Books of the Year 2018

Books of the Year 2018

It is Christmas present buying time, so time for my Books of the Year 2018. I’ve been spoiled for choice this year, with a constant list of books I really want to read and no book droughts where I had to search for inspiration of what to read next. I’m also really lucky that very many of my favourite authors have published hardbacks this Autumn, so I have plenty more fabulous books to feast on over the dark months of winter. Here are my highs and lows of what I read in 2018.

Most likely to change the world - Yes, We Still Can is a great book about politics – reflecting on the Obama years and galvanising change in the US in the run-up to the midterms. I would argue it has already helped to change the world, as it’s by one of the Pod Save America crew, who played such an important part in organising the ‘resistance’ to Trump, leading to the best midterm performance for the Democrats in 40 years in November. A blue wave indeed. Long may that continue.

Learned most from - reading She-ology by Dr Sherry A Ross made me realise just how much I didn’t know about women’s health, how un-talked about this subject is, even amongst my Feminist friends. I learned a lot and I hope this generation of girls growing up learns this when they need to, not waiting until their forties like I did.

Most captivating - Rising Ground by Philip Marsden is a beautiful book for all Cornwall lovers. It takes you right to bleak and windswept moors, to ancient burial sites where stones are lined up across the landscape and to muddy creeks in Cornish bleak midwinters. 

Most changed my everyday life - How to Give up Plastic by Will McCallum is a brilliant book. It is packed full of advice on how to campaign to change the abundance of plastic in the world, as well as being full of practical tips of changes you can make in your own life. It has definitely changed my everyday life – I am now washing my clothes inside a bag in the washing machine to catch micro-plastic fibres, I carry a reusable cutlery set everywhere I go and I have a new mantra whenever I buy anything: ‘think plastic’, which is helping me make good decisions about what to purchase.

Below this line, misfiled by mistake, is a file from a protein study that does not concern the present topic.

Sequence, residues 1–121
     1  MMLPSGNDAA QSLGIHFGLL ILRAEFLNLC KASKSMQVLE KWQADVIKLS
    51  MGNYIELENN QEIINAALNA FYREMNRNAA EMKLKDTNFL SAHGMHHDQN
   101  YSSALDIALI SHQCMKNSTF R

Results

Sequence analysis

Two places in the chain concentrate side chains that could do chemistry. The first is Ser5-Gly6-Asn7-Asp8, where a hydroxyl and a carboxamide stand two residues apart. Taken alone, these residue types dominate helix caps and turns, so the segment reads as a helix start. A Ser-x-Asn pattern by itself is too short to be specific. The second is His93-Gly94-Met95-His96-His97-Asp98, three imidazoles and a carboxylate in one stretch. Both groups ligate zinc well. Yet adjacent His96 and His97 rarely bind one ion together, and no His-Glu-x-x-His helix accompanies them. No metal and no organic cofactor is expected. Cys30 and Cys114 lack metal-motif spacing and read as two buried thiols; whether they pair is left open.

Most enjoyment from - Katherine by Anya Seton was a perfect piece of historical fiction for me, and very well chosen by my sister for my birthday.  It is a brilliant novel about the woman who eventually became the Duchess of Lancaster, the third wife of John of Gaunt, and who was the mother of the Beauforts, the direct ancestors of the Tudor dynasty (and in the case of Henry Beaufort, the person who my comprehensive school was named after).

Most able to make a complex subject easy to understand - I didn’t read much non-fiction this year as my first full year in a new job meant I used fiction as a way to switch off. One non-fiction book I did read was related to work – It Takes a Village by Hillary Rodham Clinton, written over ten years ago and recently refreshed with a new introduction. It brings the subject of child development to life and makes a compelling case of why how we as a society care for our children matters.

Most un-put-downable - I was late to the party but finally read Eleanor Oliphant is Completely Fine by Gail Honeyman this year and discovered everything everyone has said about this book is right. It’s an extremely well-written, clever and hopeful book that takes you into the dark reality of childhood abuse and the care system, but leaves you with renewed faith in humanity.

Least enjoyment from - I read my first Helen Dunmore this year, A Spell of Winter, hoping to find a new favourite author, but I just didn’t enjoy it. This is clearly my failing, as she is a writer I have heard nothing but good things about.

Most surprised by, in a bad way - I was so looking forward to reading Warlight by Michael Ondaatje, so much so that it was the first newly released hardback of the many that came out in October that I couldn’t wait to get my hands on. It should have been perfect for me – set in postwar London in a world of spies and intrigue and by the author of The English Patient, which is one of my favourite books (and films). But this just didn’t do it for me – it was a clever story, I read dutifully to the end, but it didn’t captivate me.

Would most recommend for holidays - Lethal White by Robert Galbraith (aka JK Rowling) is the best so far of the brilliant Cormoran Strike series. I didn’t read it on holiday, but it would make perfect holiday reading as it was deeply annoying to have to keep putting it down to get on with my everyday life.

Talked most obsessively about - The Road to Somewhere by David Goodhart is one of the most challenging books I’ve read for a long time. I still can’t stop talking about it to my friends and colleagues who share my worldview – about what it means for how we come up with a new politics that works for ‘Somewheres’ as well as ‘Anywheres’.

I hope some of these will help with your Christmas shopping!